Modern-day Voyageur has a tale to tell
Mike Ranta, the solo canoeist who has paddled from one end of the country to the other, shares his stories in new book.
Feb 15, 2017 11:01 AM by: Doug Diaczuk
THUNDER BAY – Mike Ranta is a modern day Voyageur, who has traveled coast to coast in his canoe. He has seen parts of this country the most never have, but now he is sharing those experiences with readers in a new book.
Ranta’s book, Mike and Spitzii’s Great Canadian Adventure 2014, edited by Leo Hunnakko, recounts his 4,750-mile solo canoe trip from the mouth of the Fraser River in B.C. to Tatamagouche, Nova Scotia in 2014 and another cross-country venture in 2011.
“It’s a pretty crazy story,” Ranta said. “I managed to get myself into some hair-raising experiences on both trips. But it’s been amazing.”
It was one of the longest, solo canoe journeys in a single season ever completed, which earned Ranta expedition of the year by Canoe and Kayak Magazine.
On Sunday, Ranta was signing copies of his book at Chapters to an eager lineup of customers wanting to meet this real-life adventurer.
The Atikokan-born paddler has been canoeing for as long as he can remember. For Ranta, and his four legged friend and travel companion, Spitzii, being out on the water is like a return to not only his own roots, but the roots of the entire nation.
“This is how we built our country,” Ranta said. “We never did it with the horse and buggy, we did it with the canoe. We had the amazing waterways running from east to west and west to east and they were our water highways. It’s something that brings me back to my roots.”
Ranta’s voyages across the country in a canoe are about more than experiencing the nation’s heritage and seeing its natural beauty. Ranta paddles with a purpose.
The 2014 cross-country trek was done to raise awareness for the Atikokan Youth Initiative Centre, while a second journey in 2016 was completed to bring attention to veterans suffering from post-traumatic stress disorder.
“It was for our kids in our hometown,” Ranta said of his 2014 trip. “As a small town in Northwestern Ontario, it can sometimes get overlooked. They tend to put the funding into the larger city centres so they can actually get in touch with more kids. So we wanted to take it upon ourselves to do this trip and show the kids too that sometimes you gotta go out and get things yourselves.”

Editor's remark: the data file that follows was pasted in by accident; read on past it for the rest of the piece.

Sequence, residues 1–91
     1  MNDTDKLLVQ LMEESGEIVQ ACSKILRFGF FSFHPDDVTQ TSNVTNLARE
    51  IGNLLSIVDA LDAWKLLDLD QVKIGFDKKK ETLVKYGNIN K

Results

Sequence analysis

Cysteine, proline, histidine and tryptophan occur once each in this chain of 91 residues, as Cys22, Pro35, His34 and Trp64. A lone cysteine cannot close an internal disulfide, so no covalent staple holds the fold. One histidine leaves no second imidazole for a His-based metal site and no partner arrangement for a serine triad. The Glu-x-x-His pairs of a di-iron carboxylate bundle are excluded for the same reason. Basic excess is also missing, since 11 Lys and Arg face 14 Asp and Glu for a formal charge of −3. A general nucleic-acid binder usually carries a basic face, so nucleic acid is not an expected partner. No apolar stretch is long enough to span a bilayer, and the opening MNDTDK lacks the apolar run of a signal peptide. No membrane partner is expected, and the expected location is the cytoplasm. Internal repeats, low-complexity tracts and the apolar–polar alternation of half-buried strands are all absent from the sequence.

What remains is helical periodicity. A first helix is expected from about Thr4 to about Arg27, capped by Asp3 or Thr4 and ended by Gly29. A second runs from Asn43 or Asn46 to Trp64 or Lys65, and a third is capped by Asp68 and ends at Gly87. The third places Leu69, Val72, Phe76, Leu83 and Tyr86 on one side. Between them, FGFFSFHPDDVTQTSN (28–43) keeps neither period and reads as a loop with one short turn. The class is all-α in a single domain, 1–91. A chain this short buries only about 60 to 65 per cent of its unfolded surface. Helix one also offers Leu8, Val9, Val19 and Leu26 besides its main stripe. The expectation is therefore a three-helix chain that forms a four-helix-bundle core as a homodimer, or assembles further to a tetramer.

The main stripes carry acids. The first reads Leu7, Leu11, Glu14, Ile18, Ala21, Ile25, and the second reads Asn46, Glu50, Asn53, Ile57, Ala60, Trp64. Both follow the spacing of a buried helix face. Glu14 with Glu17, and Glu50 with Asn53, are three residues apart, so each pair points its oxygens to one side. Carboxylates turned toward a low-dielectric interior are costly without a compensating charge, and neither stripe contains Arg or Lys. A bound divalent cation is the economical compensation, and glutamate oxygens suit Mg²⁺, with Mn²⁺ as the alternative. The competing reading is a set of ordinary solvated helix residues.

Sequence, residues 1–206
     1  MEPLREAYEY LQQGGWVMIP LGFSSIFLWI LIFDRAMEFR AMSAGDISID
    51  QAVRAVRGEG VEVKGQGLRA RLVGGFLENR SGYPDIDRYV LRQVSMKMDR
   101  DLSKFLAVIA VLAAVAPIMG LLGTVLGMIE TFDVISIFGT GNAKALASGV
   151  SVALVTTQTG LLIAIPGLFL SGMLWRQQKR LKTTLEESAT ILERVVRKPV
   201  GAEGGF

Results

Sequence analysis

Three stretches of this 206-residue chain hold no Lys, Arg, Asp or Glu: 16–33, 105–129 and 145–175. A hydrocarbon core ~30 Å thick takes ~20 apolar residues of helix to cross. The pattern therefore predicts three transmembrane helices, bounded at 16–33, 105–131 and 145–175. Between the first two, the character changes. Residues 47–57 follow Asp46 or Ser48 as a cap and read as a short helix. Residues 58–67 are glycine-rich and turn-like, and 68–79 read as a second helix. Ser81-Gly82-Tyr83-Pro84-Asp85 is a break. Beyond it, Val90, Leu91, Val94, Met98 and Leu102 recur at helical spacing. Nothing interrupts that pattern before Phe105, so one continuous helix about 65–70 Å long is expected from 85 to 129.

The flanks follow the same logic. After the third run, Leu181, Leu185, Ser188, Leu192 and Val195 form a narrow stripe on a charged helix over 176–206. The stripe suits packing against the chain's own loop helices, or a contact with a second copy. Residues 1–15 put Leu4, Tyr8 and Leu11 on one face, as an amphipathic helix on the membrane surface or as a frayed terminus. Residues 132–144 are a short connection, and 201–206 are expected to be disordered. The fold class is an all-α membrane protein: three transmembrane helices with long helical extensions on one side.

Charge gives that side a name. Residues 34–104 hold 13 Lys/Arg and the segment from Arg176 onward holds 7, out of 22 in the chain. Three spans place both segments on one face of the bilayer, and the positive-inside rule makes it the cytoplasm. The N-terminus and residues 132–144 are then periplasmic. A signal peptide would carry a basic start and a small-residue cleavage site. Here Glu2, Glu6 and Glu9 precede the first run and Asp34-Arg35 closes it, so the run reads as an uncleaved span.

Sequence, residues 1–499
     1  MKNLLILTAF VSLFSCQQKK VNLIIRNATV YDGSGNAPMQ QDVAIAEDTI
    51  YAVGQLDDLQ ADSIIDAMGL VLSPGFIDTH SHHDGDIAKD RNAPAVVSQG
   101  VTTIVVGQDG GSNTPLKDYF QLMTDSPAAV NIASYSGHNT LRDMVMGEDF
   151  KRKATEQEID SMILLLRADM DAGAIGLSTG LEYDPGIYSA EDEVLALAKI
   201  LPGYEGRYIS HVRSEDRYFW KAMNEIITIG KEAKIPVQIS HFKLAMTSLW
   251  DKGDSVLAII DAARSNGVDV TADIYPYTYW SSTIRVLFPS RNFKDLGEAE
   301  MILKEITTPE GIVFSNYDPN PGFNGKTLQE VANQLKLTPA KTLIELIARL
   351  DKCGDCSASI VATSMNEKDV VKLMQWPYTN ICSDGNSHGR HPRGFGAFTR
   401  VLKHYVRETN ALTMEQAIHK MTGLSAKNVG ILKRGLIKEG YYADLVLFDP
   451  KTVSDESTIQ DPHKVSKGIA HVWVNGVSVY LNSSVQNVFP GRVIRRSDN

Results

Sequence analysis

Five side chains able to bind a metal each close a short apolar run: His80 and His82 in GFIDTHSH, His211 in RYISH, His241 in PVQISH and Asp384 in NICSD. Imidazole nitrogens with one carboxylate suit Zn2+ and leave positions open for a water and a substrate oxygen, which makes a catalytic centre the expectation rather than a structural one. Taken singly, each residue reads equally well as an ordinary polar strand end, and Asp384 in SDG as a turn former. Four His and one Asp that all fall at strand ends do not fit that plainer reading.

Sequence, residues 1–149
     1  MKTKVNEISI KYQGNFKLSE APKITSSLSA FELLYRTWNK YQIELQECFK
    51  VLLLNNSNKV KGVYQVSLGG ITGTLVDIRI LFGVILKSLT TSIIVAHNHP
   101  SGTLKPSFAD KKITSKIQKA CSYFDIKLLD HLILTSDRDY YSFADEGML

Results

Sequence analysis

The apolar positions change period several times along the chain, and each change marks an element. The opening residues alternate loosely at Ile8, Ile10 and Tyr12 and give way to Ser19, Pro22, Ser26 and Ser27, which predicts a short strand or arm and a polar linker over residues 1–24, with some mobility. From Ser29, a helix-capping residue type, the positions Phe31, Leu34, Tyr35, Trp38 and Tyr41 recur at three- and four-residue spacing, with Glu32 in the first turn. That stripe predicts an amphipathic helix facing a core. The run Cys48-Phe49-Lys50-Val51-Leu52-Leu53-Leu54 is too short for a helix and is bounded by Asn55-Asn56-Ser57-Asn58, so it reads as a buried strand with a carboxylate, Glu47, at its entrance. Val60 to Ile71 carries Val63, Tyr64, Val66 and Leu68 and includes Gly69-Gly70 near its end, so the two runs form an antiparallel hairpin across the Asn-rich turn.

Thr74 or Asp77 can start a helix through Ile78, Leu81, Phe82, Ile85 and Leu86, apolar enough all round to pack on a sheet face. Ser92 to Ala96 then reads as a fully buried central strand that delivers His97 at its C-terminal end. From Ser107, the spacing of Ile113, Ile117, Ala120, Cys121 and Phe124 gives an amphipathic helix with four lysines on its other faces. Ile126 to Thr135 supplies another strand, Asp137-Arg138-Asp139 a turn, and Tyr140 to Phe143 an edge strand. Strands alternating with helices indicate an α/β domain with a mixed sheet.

When canoeing across a country as vast and geographically diverse as Canada, there are bound to be some challenges along the way. One of the biggest challenges Ranta faced on his journey in 2014 was the weather.
“Out of the 214 days I was out, I had over 170 days of rain,” he said. “That was a challenge. But you have to have that mental toughness. We took it on. There were some pretty crazy events. I got indirectly hit by lightning, we flipped a canoe in the river. There were some pretty scary moments. It’s not all sunshine and lollipops out there.”
Ranta said he was really excited to return to Thunder Bay for his book signing, because for him, it is a way of thanking the people of Thunder Bay who helped him reunite with Spitzii after the two were separated near Kakabeka Falls during his 2016 trip.
“I can’t say enough about the people who came out to help,” he said. “Thunder Bay really did show its true colours and that love and compassion and kindness for animals. That’s kind of my way of saying thanks to these people.”
And even if Spitzii does tend to steal the spotlight as often as he can, according to Ranta, he makes these journeys possible, from the start, to the very end.
“He’s my best friend, hands down,” Ranta said. “He’s an amazing animal. He gives me that connection to nature. He’s kind of my translator in that way when it comes to animals and dealing with them in the bush. And he’s as brave as he is handsome and I look forward to travelling with him some more.”
Ranta is already planning his next trip for April, 2017 to raise awareness for PTSD, which will take him on the same route as Alexander McKenzie on the Peace River through the old voyageur paths and waterways.
“We should be so proud and grateful and honoured to be in such an amazing country that we have,” he said.